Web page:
The first seed of doubt started to creep in when I relayed the story to my husband. He could not believe I let our son have the final say on glasses. A bad choice in glasses could be devastating, he said. Then he relayed his own personal tale of picking out blue-tinted lenses for his red-rimmed glasses in elementary school. He never did recover. I started to panic. Forget the guilt of your kid not seeing. The possibility of my kid being picked on raised my anxious mother meter to a whole new level.

Had I, like my husband claimed, been looking at him through warm mother's eyes versus the critical lenses of cruel kids on the playground? Would he be teased for not only wearing glasses, but for our choice of thicker rims that are common in every newsroom around the country? Is there no place for a unique "super hero" in this world?

Cooper wore his glasses for the first time tonight. Holy smokes, he said, everything looks so huge. He was giddy. I just kept staring at him all night because he looks so different. It's the same crooked smile and bright eyes alright, but the glasses change his whole look. I keep wondering what the kids will say tomorrow at school. Will his world dip down because of what he looks like instead of rising up because he can finally see the beauty in the world?

My hope is that his independence in choosing for himself will override the small hurts that will inevitably come his way. Life is not always kind, but it can still be good. I also pray he can survive a mother that is clueless about mothering, but still loves him unabashedly and unconditionally. There's no perfection in this mother. Isn't that right, Clark Kent?

Thursday, October 7, 2010

Love Actually

Christmas will be here soon. Okay, not real soon, but close enough that I am about to break out one of my favorite winter flicks--"Love Actually." I'm not a Hugh Grant fan. Let's just be clear on that fact. But there is something mesmerizing about his voice when he says, "Love actually is all around us." I like that. A lot.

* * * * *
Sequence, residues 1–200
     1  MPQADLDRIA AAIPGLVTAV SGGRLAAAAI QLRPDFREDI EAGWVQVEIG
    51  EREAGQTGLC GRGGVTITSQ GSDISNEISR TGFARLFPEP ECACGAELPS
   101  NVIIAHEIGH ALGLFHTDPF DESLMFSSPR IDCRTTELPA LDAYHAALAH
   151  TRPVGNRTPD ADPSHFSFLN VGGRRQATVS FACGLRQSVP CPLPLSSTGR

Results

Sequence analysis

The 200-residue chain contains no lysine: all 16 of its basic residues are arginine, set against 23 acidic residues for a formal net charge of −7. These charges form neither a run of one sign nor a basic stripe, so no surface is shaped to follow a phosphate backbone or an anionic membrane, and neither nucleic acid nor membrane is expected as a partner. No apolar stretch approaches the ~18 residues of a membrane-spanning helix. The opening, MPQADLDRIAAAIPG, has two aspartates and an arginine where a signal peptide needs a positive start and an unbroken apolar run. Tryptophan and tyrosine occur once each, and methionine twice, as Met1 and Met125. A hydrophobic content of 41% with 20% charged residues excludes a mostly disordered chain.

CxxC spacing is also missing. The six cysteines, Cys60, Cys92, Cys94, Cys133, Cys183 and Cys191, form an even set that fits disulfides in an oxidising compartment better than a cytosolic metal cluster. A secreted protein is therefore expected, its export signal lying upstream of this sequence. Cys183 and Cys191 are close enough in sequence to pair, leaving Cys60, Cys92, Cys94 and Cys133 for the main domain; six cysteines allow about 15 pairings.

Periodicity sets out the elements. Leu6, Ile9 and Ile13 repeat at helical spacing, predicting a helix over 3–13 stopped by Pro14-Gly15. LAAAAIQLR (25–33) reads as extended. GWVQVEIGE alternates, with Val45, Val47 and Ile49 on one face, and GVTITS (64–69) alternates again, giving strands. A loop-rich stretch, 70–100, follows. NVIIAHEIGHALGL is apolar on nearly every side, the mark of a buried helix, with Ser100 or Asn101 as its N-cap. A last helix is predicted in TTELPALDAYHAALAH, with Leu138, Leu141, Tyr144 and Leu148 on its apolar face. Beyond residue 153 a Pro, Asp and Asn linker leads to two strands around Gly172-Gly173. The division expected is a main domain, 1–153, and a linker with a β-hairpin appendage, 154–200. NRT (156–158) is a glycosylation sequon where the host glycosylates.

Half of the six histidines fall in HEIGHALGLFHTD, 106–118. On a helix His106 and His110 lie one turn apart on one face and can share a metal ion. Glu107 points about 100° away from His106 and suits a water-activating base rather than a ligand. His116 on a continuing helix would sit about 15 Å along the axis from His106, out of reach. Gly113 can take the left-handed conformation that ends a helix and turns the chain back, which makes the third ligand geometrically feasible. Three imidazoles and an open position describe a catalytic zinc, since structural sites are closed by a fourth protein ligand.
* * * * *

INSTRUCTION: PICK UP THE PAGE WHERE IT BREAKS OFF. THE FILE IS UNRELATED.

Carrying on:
When my life gets crazy and hectic (and this is all the time since I became a mom), I forget about all the wonderful things, big and little, around me. Love is to be had right here and right now. I spend so much time trying to dole it out in perfect spoonfuls that I forget to soak it in. I am, quite frankly, missing the freaking love boat.

In honor of Hugh Grant's voice and the warm feelings it evokes, I decided to write down a few things I actually love, or love actually. It's a work in progress, which works out great because guess what? So am I.

Heather's "Love Actually" List
1. Snuggling in bed with my boys (even with unexpected kicks and then giggles)
2. Warm puppy smell
3. Getting to walk a new trail that goes deep into the woods
4. Steamy romance novels
5. Alpaca socks
6. Sniffing permanent magic markers
7. Kneading bread dough
8. Eating homemade chocolate chip cookies
9. Kissing my hubby
10. Reading good writing, or writing some good reading
11. Quality time with those I love
12. Learning someone's story
13. Eliminating clutter
14. Dancing in the car with all the windows down
15. Buying school or office supplies
16. A hot shower
17. Sharing a meal with family and friends
18. Big bear hugs
19. A random act of kindness
20. Sending handwritten letters in the mail

I could on for a long time, I imagine, but I think there is power in just honoring a few things at a time. It would be even better to make a list each day. Different day, different list, but all things that bring happiness to a life. What's on your "Love Actually" list? Well, besides me, of course.